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From the editor: George Eustice's departure leaves farming in the lurch again

FOR a man who voluntarily stepped aside before seeing his job through to the end, the praise lavished on former Farming Minister George Eustice by some figures from within the agricultural representative bodies this week has been baffling.


Ben   Briggs

Ben   Briggs

Yes, Mr Eustice may have had a good feel for farming and represented its interests well during his tenure, but he departed the scene before crucial pieces of legislation, such as the Agriculture Bill and Environment Bill, saw fruition. That is inexcusable.

 

His departure seems to be part of a wider malaise within current Parliamentary democracy, with Ministers seeking to pursue their own agendas rather than those of the people they claim to represent.

 

Instead of walking away from agriculture at such a crucial time because of his clash of views with the Prime Minister over Brexit, much better would have been for him to stay in post and fight on behalf of our industry.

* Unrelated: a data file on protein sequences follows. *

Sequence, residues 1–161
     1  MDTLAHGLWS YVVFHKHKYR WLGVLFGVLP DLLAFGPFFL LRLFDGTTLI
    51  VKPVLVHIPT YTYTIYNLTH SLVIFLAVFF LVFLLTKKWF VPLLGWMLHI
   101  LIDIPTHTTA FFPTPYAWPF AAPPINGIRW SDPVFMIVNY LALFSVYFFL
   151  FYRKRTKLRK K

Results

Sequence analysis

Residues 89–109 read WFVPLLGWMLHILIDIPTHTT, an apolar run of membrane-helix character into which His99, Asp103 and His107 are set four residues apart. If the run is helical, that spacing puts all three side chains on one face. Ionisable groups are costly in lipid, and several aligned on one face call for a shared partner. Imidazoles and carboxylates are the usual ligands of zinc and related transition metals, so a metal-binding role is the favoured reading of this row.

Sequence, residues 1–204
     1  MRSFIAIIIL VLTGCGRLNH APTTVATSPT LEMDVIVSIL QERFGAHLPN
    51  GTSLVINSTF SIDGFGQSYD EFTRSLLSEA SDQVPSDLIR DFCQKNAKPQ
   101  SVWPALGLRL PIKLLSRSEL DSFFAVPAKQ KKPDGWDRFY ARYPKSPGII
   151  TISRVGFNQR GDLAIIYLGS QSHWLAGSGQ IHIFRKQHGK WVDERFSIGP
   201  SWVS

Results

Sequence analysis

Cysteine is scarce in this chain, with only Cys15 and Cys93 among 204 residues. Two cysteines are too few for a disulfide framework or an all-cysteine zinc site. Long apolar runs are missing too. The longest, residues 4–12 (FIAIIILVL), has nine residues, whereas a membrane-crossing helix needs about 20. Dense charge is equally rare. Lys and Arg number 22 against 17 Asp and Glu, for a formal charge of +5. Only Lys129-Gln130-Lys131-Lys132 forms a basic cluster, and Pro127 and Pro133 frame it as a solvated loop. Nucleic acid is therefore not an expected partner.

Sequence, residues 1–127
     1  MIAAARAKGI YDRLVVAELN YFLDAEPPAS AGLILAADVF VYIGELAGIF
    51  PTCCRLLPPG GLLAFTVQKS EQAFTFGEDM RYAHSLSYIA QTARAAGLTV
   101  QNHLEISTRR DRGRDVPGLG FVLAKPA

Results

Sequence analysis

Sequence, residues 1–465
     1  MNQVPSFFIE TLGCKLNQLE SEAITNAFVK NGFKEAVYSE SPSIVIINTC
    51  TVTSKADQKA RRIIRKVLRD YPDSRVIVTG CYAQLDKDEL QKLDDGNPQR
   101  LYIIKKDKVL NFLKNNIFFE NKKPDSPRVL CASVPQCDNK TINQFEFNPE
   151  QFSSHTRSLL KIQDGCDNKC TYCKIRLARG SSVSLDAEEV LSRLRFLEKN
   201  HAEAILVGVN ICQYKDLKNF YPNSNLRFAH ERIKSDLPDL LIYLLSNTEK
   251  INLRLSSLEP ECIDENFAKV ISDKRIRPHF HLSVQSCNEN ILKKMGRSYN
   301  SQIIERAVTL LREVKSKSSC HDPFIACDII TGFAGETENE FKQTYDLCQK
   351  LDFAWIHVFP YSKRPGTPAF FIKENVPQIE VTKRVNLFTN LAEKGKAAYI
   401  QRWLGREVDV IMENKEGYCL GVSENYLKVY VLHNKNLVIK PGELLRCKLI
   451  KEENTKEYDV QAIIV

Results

So now it is Robert Goodwill who enters the fray and must try and define himself in the considerable shadow of Defra Secretary Michael Gove.

 

The fact he has links to farming is to be welcomed as a positive, but whether he can make use of that knowledge is another thing.


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And as the debacle surrounding the sheep carcase splitting U-turn shows, what is required within Government are people who understand farming and can make the case for implementing common sense judgements such as these.

 

It might be that Ministers and civil servants thought a change to sheep ageing plans would make their job tricky in the short-term, especially if they had to explain to potential export partners why the changes had been brought in. But lack of knowledge should be no excuse for lumbering sheep farmers with outdated legislation which was heading for the scrapheap.

 

With agriculture often misunderstood or under-represented, having people within the corridors of power who can articulate its value is vital.

 

That is why whatever Mr Eustice achieved at Defra will always be overshadowed by his decision to abandon his brief earlier than he should.

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